“Do me a favor,” he said. “Find out who this company’s general counsel is.” Ah, so that’s what he really wanted! The lawyer was asking for what he thought he needed—the annual report, the proxy, and the quarterly report—rather than for what he actually needed, which was a discrete piece of information contained in precisely none of the documents he asked me to send to him. (I found the answer in a book titled The Directory of Corporate Counsel.) Because I failed to have a reference interview in the beginning, I wasted both of our time. A ten-second interview would have prevented it.

Because you probably don’t keep your own personal librarian on retainer, you need to learn to conduct a reference interview with yourself. The goal is to distill your initial curiosity into an action plan. Once you get the hang of it, you’ll be able to quickly cut through the fog of open-ended questions to create a list of queries with definitive answers. As long as the questions you ask yourself begin with the words what, when, where, or who—the classic four Ws of journalism school, with the occasional addition of how—then you are well on the way to constructing questions that, when answered, might also illuminate the larger, open-ended question. Understanding precisely what you need to know is the difference between successful research and a never-ending slog through the back alleys of the Internet or the dusty shelves of libraries.

Understand the Scope of Your Research

After you’ve created your information shopping list, you need to decide how much of it you need. A research question can be as simple and quick to answer as, What is the formal name of China? (It’s the People’s Republic of China, according to the CIA World Factbook.) Or maybe you need complex, book-length research that requires locating specialized repositories of information, contact with experts, and reviews of obscure documents and publications, which may take months to compile. (You’re writing a book on the invention of CT scanning for diagnostic imaging for use in the medical field.) Or maybe, as in many research projects, you’ll need to dig through disparate information sources before you have enough facts gathered to create a coherent picture:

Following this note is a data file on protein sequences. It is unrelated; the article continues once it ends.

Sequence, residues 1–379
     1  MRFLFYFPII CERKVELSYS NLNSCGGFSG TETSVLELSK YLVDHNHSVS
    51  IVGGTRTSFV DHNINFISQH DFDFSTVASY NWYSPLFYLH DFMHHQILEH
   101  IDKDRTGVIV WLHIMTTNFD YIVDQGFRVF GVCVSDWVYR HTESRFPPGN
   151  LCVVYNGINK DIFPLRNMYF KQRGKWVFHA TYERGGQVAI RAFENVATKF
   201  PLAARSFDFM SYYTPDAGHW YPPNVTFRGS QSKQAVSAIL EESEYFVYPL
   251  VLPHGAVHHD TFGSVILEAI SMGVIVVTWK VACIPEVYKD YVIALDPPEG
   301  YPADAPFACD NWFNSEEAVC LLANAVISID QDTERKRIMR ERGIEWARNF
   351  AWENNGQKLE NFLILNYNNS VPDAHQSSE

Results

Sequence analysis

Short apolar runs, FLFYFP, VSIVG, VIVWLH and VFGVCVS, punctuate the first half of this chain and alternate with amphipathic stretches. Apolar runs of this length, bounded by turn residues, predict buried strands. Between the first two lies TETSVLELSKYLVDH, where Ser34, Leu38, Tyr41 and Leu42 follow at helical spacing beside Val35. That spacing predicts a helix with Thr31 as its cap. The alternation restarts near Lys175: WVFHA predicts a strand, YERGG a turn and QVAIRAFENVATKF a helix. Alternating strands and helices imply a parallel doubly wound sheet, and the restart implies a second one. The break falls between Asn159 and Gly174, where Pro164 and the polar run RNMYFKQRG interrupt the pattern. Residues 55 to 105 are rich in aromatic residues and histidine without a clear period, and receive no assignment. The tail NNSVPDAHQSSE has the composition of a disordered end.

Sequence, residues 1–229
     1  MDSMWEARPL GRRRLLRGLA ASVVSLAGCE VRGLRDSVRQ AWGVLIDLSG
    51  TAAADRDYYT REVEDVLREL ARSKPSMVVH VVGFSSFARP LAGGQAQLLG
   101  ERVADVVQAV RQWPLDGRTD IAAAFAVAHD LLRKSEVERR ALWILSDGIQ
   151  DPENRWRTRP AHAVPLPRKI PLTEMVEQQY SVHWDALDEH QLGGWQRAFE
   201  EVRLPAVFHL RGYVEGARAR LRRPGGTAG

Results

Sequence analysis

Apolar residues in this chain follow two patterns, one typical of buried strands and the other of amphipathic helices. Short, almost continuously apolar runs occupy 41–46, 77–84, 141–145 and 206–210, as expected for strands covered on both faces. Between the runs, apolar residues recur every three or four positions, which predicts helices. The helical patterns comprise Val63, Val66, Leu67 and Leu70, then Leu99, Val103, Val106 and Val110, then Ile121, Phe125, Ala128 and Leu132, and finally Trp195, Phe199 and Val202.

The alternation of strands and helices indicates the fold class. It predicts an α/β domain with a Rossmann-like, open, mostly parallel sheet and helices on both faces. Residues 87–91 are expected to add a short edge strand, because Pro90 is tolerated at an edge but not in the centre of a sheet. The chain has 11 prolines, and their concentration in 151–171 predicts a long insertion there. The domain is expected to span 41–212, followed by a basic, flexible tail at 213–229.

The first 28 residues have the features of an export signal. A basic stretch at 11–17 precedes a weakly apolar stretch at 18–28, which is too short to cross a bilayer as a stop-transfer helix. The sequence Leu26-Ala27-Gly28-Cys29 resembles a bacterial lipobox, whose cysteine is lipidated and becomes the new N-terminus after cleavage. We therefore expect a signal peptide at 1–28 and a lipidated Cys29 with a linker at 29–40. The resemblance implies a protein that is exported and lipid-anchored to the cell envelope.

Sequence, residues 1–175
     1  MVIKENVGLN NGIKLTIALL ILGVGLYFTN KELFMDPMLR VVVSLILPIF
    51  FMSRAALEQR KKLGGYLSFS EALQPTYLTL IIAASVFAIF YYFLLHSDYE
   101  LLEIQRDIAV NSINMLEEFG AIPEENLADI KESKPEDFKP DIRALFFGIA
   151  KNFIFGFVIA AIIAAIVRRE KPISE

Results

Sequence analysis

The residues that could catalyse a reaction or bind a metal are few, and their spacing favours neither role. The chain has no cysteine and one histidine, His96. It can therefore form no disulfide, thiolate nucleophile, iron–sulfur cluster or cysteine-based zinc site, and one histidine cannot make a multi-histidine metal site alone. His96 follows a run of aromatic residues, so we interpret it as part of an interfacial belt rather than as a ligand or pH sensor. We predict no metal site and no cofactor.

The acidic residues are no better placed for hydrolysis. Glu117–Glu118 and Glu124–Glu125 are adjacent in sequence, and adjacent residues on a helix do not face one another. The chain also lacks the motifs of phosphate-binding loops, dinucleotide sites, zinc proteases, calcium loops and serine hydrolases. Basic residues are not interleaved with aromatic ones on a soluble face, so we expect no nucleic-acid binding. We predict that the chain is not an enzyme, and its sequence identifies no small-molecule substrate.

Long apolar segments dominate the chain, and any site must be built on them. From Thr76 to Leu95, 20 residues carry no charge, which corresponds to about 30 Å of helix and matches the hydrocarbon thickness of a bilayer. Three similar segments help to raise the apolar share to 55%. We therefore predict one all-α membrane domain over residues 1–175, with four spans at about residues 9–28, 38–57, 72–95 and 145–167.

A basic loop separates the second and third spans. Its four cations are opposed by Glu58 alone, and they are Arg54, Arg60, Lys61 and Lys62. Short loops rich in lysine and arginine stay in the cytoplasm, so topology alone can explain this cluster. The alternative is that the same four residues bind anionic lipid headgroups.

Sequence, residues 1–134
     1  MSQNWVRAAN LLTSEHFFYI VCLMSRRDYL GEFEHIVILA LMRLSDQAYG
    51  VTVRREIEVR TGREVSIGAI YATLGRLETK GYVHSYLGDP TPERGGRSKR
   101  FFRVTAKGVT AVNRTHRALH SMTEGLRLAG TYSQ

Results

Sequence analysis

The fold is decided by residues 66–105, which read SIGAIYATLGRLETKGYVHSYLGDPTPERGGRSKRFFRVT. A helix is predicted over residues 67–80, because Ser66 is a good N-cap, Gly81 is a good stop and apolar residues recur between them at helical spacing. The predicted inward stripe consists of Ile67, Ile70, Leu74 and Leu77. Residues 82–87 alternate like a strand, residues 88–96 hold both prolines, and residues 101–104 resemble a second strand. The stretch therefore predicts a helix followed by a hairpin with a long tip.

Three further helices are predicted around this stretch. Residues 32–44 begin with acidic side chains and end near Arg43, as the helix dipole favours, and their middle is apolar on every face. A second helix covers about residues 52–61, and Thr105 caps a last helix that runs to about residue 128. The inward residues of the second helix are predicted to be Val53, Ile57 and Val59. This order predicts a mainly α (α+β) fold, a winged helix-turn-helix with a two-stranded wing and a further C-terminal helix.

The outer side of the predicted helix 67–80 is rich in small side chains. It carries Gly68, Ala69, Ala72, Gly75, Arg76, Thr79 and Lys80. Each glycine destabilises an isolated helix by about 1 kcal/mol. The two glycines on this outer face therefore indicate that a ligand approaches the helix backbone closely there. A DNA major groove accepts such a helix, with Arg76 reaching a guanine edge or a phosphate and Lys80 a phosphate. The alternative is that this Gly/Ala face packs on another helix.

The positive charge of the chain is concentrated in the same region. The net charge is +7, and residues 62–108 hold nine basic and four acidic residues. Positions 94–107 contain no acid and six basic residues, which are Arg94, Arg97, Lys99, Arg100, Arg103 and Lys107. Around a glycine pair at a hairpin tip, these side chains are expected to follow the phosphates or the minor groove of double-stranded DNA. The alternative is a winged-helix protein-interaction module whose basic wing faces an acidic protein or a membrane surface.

1. Who owned the building with the fire violations that burned down? (Search the city real estate records to find that Company X owned that building.)

2. Who owns Company X? (Look through state corporation records to discover that Jane Smith and Jack Johnson own Company X.)

3. How can I contact Jane Smith and Jack Johnson? (Start with the online telephone directory AnyWho and work from there.)

Repeat the process until you’ve found everything you want.

Assume you’re about to do a sales pitch at a company to sell your new human resources (HR) software. You want to know something about the HR director before you meet her. Do you need to know every detail about her? Or is it sufficient to know only that she has worked at Amalgamated OmniCorp for ten years and that she holds an MBA from Wharton? If that’s the case, then your research may be over once you’ve looked up her bio from standard business biography sources. But what if you want to hire her to be the head of your HR software sales department so that she can sell your wares to other HR directors? In that case, you’ll want to know more about her—her former positions, perhaps her graduate school thesis, and presentations she has delivered at the annual conference for HR directors. Your research will broaden considerably, requiring many more queries in databases and generally taking longer than a simple bio request.

But what if, instead of wanting to hire her, you want to sue her because she bad-mouthed you and your company on a blog? In that case, you need to really turn over every rock in the public record, see quotes in the news, and make sure that any information that pertains to the lawsuit has been located. This biographical egg hunt now becomes a more extensive exercise in digging up details. Formulating factual questions is one step; knowing just how much information you need is another critical aspect of successful research.

Knowing just how much information you need is another critical aspect of successful research.

Getting a handle on the scope of research delivers many benefits. It provides a way of limiting the time you spend looking for answers. It restricts research to a reasonable set of resources, and it can often reduce the costs associated with research when expensive commercial database searching is required. Shaping your work in this way—by including both answerable questions and an estimate of what types of information will be required for a complete and accurate answer—gives your project a structure and direction. Because you usually are tracking down information to use for another purpose, such as for inclusion in a report, an article, or a speech, you eventually need to finish the data gathering and put the information you have found to good use. Research needs to end. By knowing how much information you need, you’ll also know when you’re done. With practice, you’ll hone your sense of how long and how deeply you need to sniff around for relevant information.

Consider the Best Places to Look

The fundamental question of where to look for the answers to your questions is not a new problem. In the 1700s, famed English essayist Dr. Samuel Johnson put it this way:

Knowledge is of two kinds. We know a subject ourselves, or we know where we can find information upon it. When we enquire into any subject, the first thing we have to do is to know what books have treated of it.